CA: Snitching requires corroboration

In a long overdue move, Gov. Jerry Brown of California just signed into law SB 687, which bans judges and juries from convicting defendants based solely on the uncorroborated testimony of jailhouse informants. From the bill itself:

This bill would additionally provide that a judge or jury may not enter a judgment of conviction upon a criminal defendant, find a special circumstance true, or use a fact in aggravation based solely on the uncorroborated testimony of an in-custody informant, as defined. The bill would provide that corroboration shall not be deemed sufficient if it merely shows the commission of the offense, the special circumstance, or the circumstance in aggravation. The bill would provide that the corroboration of an in-custody informant shall not be provided by the testimony of another in-custody informant.

This is a major step forward in the fight against unreliable and wrongful convictions. Jailhouse snitch testimony has obvious problems, which have been chronicled here before, and in fact, this bill is identical to one passed by the California legislature in 2008, only to be subsequently vetoed by the Governator. Despite opposition from some prosecutors offices, Gov. Brown made this requirement the law of California and for good reason. This survey [PDF] from the Center for Wrongful Convictions at Northwestern Law School found that fully 48% of wrongful convictions were brought about by jailhouse testimony. The Innocence Project states that 15% of DNA exonerations were in cases of convictions that featured snitch testimony. Here’s a Pew Trust report [PDF] on the problems with this kind of testimony.

Surprisingly, California now becomes only the 18th state to enforce this kind of prohibition. Most other states take a half-hearted approach, like Connecticut, providing only for a “special” jury instruction warning juries to consider this kind of testimony skeptically. From the model jury instructions:

Generally, the court should not instruct the jury on the credibility of a particular witness, but the Supreme Court has recognized three exceptions:  the complaining witness, an accomplice, and an informant.  See State v. Patterson, 276 Conn. 452, 470 (2005); State v. Ortiz, 252 Conn. 533, 561-62 (2000).

The exception for informant testimony was first recognized in State v. Patterson, 276 Conn. 452 (2005).  “Because the testimony of an informant who expects to receive a benefit from the state in exchange for his or her cooperation is no less suspect than the testimony of an accomplice who expects leniency from the state, we conclude that the defendant was entitled to an instruction substantially in accord with the one that he had sought.”  Id., 470.  Though originally limited, in Patterson, to informants who had actually been promised a benefit in return for his or her testimony, in State v. Arroyo, 292 Conn. 558 (2009), the Court expanded it to any informant.  “[T]he trial court should give a special credibility instruction to the jury whenever [jailhouse informant] testimony is given, regardless of whether the informant has received an express promise of a benefit.”  Id., 569.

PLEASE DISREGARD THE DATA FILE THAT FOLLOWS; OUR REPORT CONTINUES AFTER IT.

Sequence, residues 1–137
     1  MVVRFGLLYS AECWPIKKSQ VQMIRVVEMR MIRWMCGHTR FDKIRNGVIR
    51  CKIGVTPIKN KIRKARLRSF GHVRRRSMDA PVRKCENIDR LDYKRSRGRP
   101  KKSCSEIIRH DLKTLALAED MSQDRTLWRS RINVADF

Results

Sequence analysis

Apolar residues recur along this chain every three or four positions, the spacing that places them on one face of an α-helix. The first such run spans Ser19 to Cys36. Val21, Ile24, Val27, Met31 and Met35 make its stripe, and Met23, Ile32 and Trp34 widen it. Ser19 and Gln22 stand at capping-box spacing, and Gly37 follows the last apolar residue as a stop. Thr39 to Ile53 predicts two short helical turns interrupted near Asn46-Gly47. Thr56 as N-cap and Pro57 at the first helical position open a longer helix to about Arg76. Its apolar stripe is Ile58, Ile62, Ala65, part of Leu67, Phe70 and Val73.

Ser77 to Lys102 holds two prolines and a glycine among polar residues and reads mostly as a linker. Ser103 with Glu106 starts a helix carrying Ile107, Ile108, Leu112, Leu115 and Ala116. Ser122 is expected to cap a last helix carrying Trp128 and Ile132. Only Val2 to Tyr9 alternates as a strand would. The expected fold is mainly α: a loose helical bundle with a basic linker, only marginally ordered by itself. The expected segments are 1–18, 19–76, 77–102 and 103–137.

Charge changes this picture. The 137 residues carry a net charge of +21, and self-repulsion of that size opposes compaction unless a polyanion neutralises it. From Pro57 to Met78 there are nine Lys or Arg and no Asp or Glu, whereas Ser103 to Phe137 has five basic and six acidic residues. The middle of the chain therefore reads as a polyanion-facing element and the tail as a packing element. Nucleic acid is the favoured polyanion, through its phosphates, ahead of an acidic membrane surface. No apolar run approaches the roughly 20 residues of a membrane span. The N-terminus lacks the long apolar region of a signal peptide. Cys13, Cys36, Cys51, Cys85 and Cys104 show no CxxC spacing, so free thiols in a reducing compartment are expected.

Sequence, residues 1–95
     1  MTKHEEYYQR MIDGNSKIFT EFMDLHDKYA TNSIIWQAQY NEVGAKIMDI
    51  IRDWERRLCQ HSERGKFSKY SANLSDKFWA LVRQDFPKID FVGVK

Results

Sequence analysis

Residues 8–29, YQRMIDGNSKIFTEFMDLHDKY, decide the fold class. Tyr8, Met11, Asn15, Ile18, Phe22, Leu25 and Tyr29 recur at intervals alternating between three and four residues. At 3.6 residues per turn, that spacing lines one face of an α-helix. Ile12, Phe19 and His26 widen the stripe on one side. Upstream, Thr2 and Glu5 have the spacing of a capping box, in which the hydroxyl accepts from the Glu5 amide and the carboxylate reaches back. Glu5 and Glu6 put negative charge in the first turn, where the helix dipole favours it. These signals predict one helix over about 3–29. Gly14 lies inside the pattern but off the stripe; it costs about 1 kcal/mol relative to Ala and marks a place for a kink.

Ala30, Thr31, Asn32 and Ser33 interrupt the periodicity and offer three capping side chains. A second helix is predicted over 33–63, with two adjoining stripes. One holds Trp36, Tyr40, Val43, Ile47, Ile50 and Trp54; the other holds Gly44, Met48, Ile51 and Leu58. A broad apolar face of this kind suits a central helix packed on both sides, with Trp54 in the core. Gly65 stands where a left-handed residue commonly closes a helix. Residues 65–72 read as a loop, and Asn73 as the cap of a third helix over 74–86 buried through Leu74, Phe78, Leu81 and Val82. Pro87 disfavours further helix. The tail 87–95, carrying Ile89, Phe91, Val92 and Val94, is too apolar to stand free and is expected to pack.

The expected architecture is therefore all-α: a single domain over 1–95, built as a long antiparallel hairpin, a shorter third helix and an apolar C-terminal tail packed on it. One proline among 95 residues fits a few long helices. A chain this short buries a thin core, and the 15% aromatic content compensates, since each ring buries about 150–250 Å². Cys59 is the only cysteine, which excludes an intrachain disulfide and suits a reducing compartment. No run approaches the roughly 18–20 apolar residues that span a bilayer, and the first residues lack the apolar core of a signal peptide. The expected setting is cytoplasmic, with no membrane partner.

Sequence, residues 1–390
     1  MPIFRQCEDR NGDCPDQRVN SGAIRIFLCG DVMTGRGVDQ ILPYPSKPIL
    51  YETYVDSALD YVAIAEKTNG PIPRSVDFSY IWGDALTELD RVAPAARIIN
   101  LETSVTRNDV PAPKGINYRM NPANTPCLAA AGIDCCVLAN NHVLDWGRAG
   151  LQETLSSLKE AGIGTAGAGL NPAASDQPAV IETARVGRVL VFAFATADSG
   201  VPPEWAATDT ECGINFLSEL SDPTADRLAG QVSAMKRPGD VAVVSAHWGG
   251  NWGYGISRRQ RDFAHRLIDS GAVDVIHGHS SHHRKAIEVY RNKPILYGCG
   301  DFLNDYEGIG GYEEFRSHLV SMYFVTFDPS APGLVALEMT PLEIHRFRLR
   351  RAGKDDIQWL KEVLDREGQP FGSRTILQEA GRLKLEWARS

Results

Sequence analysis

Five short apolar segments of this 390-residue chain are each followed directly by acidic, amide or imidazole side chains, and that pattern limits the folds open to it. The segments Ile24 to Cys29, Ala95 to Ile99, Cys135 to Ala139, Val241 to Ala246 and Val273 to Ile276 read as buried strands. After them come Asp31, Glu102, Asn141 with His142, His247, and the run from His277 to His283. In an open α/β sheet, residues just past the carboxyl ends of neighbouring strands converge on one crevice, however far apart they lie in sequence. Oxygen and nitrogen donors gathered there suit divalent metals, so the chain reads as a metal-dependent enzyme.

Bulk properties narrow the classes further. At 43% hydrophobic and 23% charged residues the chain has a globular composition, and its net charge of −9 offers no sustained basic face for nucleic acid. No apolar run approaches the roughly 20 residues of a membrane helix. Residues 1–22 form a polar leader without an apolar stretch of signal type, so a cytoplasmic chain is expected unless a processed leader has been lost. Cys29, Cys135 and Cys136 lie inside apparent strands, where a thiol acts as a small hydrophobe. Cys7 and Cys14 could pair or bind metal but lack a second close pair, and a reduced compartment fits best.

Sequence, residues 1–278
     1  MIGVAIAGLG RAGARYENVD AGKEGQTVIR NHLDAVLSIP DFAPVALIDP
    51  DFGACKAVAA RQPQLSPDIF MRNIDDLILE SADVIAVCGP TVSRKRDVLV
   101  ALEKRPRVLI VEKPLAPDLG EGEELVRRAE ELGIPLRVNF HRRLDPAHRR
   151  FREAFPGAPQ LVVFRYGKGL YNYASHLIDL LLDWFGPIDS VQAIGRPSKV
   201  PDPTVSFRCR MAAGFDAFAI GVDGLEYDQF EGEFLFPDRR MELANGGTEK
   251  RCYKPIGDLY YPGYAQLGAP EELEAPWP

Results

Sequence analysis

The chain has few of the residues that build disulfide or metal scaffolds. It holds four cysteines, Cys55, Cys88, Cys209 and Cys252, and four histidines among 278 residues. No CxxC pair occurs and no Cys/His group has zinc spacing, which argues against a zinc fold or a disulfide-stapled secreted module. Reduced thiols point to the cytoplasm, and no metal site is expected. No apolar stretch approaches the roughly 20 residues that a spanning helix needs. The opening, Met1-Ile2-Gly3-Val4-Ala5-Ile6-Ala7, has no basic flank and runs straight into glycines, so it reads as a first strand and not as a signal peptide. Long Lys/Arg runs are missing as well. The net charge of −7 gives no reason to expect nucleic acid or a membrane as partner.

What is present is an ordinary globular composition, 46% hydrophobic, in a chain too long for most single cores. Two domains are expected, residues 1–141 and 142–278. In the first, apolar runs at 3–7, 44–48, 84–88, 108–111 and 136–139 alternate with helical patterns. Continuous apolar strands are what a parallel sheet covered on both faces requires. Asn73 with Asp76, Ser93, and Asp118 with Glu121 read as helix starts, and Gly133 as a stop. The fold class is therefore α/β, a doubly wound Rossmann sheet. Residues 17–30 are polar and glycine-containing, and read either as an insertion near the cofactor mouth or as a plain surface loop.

If the testimony is so inherently unreliable, then courts and juries should be prohibited from relying solely on such testimony to convict people. But that, I suppose, is a matter for the legislature and not the courts.



4 thoughts on “CA: Snitching requires corroboration

  1. LJS

    Long overdue. I wonder if a similar bill could be passed in CT.

    Were I writing it, I might add that coorboration cannot include any fact known to the public at the time the informant’s statement is recorded (i.e. in a statement or actual recording). I might also tie this to Connecticut’s recent recorded interrogations law and require that any interviews with a jailhouse informant be recorded from start to finish (to see if police might be inadvertently giving the informant information by poor questioning methods).

  2. LJS

    A Mass colleague of mine notes an oddity in the CT instruction.

    “A witness testified in this case as an informant. An informant is someone who is currently incarcerated or is awaiting trial for some crime other than the crime involved in this case and who obtains information from the defendant regarding the crime in this case and agrees to testify for the state.”

    Doesn’t this beg the question? The informant _claims_ he or seh obtained information from the defendant. The defendant usually says the claim is false. Isn’t there a problem with the judge charging the jury that the informant has, in fact, obtained that information?

    Also, doesn’t this open the door to all sorts of evidence unrelated to the trial about the informant’s past sntiching — with all sorts of discovery issues for the defense.

    And, absent a recording, how would one know about leading questions? Of course the officer is not going to recall that — that’s why the recorded interrogation law was created — to avoid this sort of swearing contest.

    1. Gideon Post author

      That’s a good observation. Although these are “standard” instructions and we should be crafting our own in every case, it’s worth nothing that to avoid making the same error.

      I think it absolutely does open the door to prior snitching by this informant: has he done it before, how often, etc.

      Agreed on all points. Our legislature really needs to look into this.

  3. Pingback: How do you solve a problem like jailhouse informants? | a public defender

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